To tweak a painting by giving it its title is a delicate operation but also a subtly entertaining and illuminating process.
To call the painting Untitled is a telling enough title and wholly dependent on the weight of the painting.
The point I realised I was making whilst mulling over the renaming of a piece is this: to rename a painting is akin to painting over the painting.
Naming colours doesn't physically seperate colours. Naming feelings doesn't nail the feeling. But we act like it does.
Art and poetry are the peeling back of these blurry layers; these weak approximations of personal reactions to something we presume is shared.
There are not as many like-minded people as we believe.
Art, Music and Poetry, at their best, try to break down these barriers. Invent a new language. The Categorical Imperative made visible and audible in a world where silence is the closest we can get to truth.
My friend Carl has a pet peeve.
He hates when Heart is used as a metaphor for ‚love‘ when it is nothing but a functional, mechanical pump. I always thought this a harsh judgement until I started to get irritated by the common notion that colours are symbolic of our emotions and feelings.
Yellow means happy AND poison. So feck it.
I suggested in Elpsis Boo - Erogements that everything should have a different name every time you call it something. Nothing is the same. Everything is new under the sun. What I mean is; I have changed since that last sentence. I am not the artist you once knew. Never was.
Quantum physics has taken us this far. Envionment is key.
Spacetime does not reminisce. Spacetime soldiers on like a drunken old bastard looking for a bed.
Know where did I put my pyjamas?
Words are painting's opposable thumbs. With them we can grip the idea more firmly and squeeze out the essence of what we are trying to find or convey.
The words and symbols within the painting are not doing the same thing.
They are part of the conjurer's prophetic, free-form associations. The title must act as a cautious mediator between predator and prey. The respective roles being interchangeable.
Words, letters and symbols are images like any other image. If I paint a face or a human body, I have to ask myself what I am sharing. Why choose this form as oppose to a mountain or a cat or a big blob of red? So it is with words.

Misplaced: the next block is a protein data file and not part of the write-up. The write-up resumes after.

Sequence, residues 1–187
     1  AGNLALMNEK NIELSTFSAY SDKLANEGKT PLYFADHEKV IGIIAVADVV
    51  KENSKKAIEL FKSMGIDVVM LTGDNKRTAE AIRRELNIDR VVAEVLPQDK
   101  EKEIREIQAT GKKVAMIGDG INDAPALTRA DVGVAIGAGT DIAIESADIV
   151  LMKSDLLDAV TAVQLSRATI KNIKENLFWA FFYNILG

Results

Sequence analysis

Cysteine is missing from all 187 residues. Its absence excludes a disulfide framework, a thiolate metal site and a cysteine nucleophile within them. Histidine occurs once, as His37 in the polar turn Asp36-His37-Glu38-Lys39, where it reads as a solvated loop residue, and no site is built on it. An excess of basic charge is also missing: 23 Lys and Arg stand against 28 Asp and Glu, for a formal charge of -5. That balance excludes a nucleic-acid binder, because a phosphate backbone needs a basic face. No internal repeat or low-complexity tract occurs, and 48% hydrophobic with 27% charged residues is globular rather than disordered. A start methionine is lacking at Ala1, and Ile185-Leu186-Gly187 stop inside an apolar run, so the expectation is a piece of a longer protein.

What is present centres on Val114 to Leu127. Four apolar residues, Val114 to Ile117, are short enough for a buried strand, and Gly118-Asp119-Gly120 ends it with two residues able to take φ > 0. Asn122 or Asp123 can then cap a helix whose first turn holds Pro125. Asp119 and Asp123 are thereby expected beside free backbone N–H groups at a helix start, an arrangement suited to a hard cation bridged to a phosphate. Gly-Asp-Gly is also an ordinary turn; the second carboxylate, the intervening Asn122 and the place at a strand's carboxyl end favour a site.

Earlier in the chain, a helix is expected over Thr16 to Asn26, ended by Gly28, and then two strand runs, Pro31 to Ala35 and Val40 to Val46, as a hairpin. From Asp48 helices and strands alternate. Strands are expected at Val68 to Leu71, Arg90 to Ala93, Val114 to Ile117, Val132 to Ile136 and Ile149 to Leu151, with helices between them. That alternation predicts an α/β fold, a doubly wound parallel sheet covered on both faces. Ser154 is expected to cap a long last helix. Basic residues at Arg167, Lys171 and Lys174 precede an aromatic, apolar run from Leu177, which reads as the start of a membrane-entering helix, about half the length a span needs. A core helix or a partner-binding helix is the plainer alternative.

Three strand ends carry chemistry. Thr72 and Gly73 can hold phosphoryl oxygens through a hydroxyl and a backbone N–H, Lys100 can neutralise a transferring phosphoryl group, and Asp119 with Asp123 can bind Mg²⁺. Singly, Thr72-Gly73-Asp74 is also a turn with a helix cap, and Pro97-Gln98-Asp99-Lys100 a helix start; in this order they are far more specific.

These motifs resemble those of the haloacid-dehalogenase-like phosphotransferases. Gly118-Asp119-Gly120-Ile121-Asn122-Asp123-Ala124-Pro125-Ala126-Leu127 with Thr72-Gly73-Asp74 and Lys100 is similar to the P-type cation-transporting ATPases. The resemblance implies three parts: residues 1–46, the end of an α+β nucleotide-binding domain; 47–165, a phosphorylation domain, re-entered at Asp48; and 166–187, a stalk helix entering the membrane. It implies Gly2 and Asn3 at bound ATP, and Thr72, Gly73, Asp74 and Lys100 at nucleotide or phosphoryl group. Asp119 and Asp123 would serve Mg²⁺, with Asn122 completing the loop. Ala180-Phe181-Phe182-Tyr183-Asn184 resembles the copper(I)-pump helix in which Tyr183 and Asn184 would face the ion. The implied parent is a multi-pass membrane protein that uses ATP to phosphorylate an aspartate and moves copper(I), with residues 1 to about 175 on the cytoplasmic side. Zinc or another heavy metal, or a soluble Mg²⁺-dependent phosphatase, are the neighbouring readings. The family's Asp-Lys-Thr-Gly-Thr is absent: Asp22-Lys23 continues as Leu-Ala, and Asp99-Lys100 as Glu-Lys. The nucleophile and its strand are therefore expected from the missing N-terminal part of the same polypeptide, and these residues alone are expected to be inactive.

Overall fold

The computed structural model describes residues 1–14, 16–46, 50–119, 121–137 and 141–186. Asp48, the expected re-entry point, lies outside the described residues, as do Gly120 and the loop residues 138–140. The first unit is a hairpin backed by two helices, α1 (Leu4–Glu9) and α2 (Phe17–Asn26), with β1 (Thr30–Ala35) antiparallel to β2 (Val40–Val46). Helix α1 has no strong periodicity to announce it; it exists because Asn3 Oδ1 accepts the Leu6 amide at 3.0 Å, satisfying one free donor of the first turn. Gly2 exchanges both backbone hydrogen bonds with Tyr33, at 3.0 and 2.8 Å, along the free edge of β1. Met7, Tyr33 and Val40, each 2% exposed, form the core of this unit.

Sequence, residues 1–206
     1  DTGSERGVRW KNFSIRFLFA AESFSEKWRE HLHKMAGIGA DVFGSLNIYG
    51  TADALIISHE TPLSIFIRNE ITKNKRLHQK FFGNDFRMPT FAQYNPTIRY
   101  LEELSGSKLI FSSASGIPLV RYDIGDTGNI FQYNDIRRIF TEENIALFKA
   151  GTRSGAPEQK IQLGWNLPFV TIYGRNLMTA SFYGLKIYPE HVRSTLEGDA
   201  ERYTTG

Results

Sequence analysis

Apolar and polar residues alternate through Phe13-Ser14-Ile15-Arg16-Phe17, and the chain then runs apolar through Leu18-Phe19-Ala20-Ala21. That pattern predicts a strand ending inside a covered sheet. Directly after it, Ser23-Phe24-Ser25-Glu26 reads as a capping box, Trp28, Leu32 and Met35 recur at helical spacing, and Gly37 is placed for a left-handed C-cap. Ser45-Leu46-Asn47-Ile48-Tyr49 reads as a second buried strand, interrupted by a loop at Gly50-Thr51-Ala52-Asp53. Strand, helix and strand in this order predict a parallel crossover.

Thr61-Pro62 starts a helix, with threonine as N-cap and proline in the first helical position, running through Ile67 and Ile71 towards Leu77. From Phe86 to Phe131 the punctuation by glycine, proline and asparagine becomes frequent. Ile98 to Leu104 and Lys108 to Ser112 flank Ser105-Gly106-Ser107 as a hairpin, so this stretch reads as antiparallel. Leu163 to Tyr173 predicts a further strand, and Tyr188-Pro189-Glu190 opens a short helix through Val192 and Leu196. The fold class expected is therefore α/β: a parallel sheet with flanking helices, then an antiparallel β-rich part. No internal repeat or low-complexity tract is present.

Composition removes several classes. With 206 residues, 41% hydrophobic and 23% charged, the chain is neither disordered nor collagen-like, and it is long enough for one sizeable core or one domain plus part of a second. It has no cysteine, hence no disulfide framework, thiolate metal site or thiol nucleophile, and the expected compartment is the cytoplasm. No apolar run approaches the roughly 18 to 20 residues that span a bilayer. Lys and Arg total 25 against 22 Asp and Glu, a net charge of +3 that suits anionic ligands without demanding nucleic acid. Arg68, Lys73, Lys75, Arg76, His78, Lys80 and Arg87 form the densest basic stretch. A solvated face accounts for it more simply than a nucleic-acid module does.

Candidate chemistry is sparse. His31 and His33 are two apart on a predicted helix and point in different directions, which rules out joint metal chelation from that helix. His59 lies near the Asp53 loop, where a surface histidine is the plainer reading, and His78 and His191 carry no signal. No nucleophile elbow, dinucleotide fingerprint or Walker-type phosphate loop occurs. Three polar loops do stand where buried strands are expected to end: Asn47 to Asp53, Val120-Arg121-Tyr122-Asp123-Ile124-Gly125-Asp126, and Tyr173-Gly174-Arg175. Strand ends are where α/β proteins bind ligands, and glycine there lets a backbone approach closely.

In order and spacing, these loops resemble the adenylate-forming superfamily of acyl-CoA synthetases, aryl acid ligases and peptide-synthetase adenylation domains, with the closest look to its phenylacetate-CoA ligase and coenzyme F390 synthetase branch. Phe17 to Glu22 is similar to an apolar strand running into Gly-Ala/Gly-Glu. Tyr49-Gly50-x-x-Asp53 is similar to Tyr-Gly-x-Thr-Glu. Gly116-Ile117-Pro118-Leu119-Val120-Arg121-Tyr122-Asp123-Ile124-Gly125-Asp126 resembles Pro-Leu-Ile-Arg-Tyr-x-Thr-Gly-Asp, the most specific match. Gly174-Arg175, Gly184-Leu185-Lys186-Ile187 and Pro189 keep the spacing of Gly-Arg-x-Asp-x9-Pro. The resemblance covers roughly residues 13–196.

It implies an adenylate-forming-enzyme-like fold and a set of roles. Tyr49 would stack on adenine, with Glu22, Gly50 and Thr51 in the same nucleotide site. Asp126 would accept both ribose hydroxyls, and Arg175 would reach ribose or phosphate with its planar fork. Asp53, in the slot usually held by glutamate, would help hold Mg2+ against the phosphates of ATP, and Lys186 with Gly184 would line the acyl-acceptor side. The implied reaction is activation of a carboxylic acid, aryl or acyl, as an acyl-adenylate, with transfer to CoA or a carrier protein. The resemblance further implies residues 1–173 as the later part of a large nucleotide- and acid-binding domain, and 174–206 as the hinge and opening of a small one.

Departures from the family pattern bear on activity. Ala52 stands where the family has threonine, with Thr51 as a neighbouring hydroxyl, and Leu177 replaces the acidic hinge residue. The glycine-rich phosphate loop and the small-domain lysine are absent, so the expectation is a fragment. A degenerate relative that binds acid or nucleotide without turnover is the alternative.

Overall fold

To reiterate; tweaking the name of a painting is akin to painting over the piece entirely.
I remember making a photo collage at college. It was a cryptic fictional collage/tale of a woman who had perhaps drowned in the local canal.
I struggled to name it.
Our teacher offered a title.
"DEATH" in capitals like that.
His suggestion was so awful to me that I struggled further to find a title as far away from such cheap transparency as possible.
That collage is long lost and still untitled.
('Long Lost and Still Untitled' may have worked!)
As I mentioned in the last blog, this was the one issue I had with Kristof Kintera's current eye-inspiring exhibition 'Nervous Trees' at Rudolfinum. The room which is occupied by dozens of washing machines assembled into a mountain is called 'We all want to be clean'. The model city made out of electronic junk is called 'Postnaturalia' and this is why the trees are nervous, hence 'Nervous Trees'; trees which are represented in room 4 by shaking trees - because they're nervous.
One of my favourite art titles of all time has to be Michael Craig Martin's 'An Oak Tree'. The title he gave to his glass of water on a small glass shelf.
The titles in this WWDATR series should say nothing of what is in the painting. The content could almost be said to be unimportant. The relevance of the represented artists doing things other than their art is coincidental to the project.
The concept is all important here.
How to find the title:
Full Sentence Title?
State the bleeding obvious?
Get someone else to do it?
Meanwhile - 2 weeks later….
Series title: Non-Commercial Interiors
Painting titles: The Unnameable Object (1-8)
The viewer begins to ask questions about why the hell I should consider these paintings 'conceptual'.